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acquaintance Adieu affection affectionate agreeable amongst amuse Bath beauty believe besore betwixt Birmingham brother chuse Claverton compliments concerning converfation copy Dear Sir deserve desire Dodfley Dodfley's elegy endeavour Enville esteem expect expence Fables faid fame fatire fatisfaction favour friendship give glad Graves Hagley happiness Harbury hear hope imagine inclose inscription insinitely Jago kind Lady Luxborough last letter Leasowes least lise Livie London Lord Lord Dudley Lyttelton mean ment Mickleton mould Nando's never night obliged occasion pain Pepper-box perhaps persect person piece pleased pleasure poem poetry polite Pray present Radway reason received regard sear seel sent servant Shenstone shew sigure sincerely sinished Sir John Falstaff sirst sive soon Spence sure taste tell thing thoufand thought tion town verses Warwickshire week Whistler Whitchurch winter wish write Wroxall
עמוד 73 - London is really dangerous at this time ; the pickpockets, formerly content with mere filching, make no scruple to knock people down with bludgeons in Fleet Street and the Strand, and that at no later hour than eight o'clock at night ; but in the Piazzas, Covent Garden, they come in large bodies, armed with couteaus, and attack whole parties, so that the danger of coming out of the play-houses is of some weight in the opposite scale, when I am disposed to go to them oftener than I ought.
עמוד 48 - ... wrings my very soul to think on. For a man of high spirit, conscious of having (at least in one production) generally pleased the world, to be plagued and threatened by wretches that are low in every sense ; to be forced to drink himself into pains of the body, in order to get rid of the pains of the mind, is a misery.
עמוד 147 - Poor Mr. Thomson, Mr. Pitt tells me, is dead. He was to have been at Hagley this week, and then I should probably have seen him here. As it is I will erect an urn in Virgil's Grove to his memory. I was really as much shocked to hear of his death, as if I had known and loved him for a number of years. God knows I lean on a very few friends, and if they drop me, I become a wretched misanthrope.
עמוד 142 - ... it others; but I have many miles to measure back before I can get into it myself, and no kind of resolution to take a single step. My chief amusements at present are the same they have long been, and lie scattered about my farm. The French have what they call a parque ornee; I suppose, approaching about as near to a garden as the park at Hagley. I give my place the title of a ferme ornee; though, if I had money, I should hardly confine myself to such decorations as that name requires.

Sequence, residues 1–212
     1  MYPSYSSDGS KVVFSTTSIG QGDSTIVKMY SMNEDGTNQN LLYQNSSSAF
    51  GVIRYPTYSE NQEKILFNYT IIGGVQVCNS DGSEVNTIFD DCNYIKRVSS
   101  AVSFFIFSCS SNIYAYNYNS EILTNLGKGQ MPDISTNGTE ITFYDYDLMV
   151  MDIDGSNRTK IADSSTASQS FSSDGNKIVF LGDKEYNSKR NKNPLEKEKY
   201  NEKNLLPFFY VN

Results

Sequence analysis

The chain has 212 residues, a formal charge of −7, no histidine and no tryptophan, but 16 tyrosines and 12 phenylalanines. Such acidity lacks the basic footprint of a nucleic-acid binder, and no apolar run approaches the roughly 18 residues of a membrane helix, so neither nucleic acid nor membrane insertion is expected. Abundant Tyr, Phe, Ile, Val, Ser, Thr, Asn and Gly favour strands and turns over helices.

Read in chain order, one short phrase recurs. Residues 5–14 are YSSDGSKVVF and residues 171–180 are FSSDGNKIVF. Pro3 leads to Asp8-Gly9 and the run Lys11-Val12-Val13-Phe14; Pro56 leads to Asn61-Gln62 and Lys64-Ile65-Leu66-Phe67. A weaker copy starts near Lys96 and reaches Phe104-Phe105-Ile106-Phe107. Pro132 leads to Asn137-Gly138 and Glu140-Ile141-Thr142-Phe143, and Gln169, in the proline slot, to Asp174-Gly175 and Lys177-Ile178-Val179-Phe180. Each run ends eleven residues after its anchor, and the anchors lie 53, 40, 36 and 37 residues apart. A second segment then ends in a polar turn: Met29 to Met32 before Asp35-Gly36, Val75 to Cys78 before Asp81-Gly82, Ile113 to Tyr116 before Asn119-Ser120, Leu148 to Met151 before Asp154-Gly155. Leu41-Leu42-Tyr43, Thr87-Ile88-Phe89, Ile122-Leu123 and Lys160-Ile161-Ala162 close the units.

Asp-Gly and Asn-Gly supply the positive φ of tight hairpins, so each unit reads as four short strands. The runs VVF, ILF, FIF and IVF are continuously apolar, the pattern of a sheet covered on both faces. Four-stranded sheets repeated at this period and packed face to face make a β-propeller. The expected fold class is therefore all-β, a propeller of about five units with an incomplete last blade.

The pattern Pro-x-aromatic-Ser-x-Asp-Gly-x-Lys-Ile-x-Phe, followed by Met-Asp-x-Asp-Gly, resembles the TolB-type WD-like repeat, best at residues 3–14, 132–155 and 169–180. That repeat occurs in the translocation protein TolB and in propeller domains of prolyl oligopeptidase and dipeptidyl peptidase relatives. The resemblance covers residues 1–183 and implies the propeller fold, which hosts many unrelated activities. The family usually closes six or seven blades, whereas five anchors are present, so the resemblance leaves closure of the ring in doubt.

עמוד 130 - DAMON'S native plains belong. Tell her, in livelier plumes array'd, The bird from Indian groves may fhine ; But afk the lovely partial maid, What are his notes compar'd to thine ? Then bid her treat yon witlefs beau, And all his flaunting race with fcorn ; And lend an ear to DAMON'S woe, ' Who fings her praife, and fings forlorn.
עמוד vii - I look upon my letters as some of my chef-d'oeuvres; and, could I be supposed to have the least pretensions to propriety of style or sentiment, I should imagine it must appear, principally, in my letters to his brother, and one or two more friends.
עמוד 39 - I am angry, and envious, and dejected, and frantic, and disregard all present things, just as becomes a madman to do. I am infinitely pleased (though it is a gloomy joy) with the application of Dr. Swift's complaint, "that he is forced to die in a rage, like a poisoned rat in a hole.
עמוד 319 - You have perhaps heard me speak of Mr. Percy — he was * in treaty with Mr. James Dodsley, for the publication of our best old ballads in three volumes. — He has a large folio MS. of ballads, which he...
עמוד 5 - Aye, that you would, thought I. ' Well, but now when Mr. Jago comes, have you got e'er a chicken that's fit to kill? ' ' No, says she, I doubt there is ne'er-a-one.' ' Well, says I, Mrs. Arnold, you and your chicken may go down ; I am going to write a letter.
עמוד 317 - I caufed to be thrown into the form of Morals, and which are almoft wholly mine. I wifh to God it may fell; for he has been at great expence about it. The two rivals which he has to dread are, the editions of Richardfon and of Croxall. — The FaLies in Croxall are tolerably written : his refteSions, little to the purpofe, either for boys or grown people.